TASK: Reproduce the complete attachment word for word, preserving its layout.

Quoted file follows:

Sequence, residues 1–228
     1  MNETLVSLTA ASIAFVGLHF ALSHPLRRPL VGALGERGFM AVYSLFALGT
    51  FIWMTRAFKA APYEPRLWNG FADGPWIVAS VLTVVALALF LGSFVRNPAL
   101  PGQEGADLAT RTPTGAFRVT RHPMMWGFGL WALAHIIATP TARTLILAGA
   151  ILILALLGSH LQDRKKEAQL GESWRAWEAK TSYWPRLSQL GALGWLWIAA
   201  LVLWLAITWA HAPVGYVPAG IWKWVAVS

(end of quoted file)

Sequence, residues 1–228
     1  MNETLVSLTA ASIAFVGLHF ALSHPLRRPL VGALGERGFM AVYSLFALGT
    51  FIWMTRAFKA APYEPRLWNG FADGPWIVAS VLTVVALALF LGSFVRNPAL
   101  PGQEGADLAT RTPTGAFRVT RHPMMWGFGL WALAHIIATP TARTLILAGA
   151  ILILALLGSH LQDRKKEAQL GESWRAWEAK TSYWPRLSQL GALGWLWIAA
   201  LVLWLAITWA HAPVGYVPAG IWKWVAVS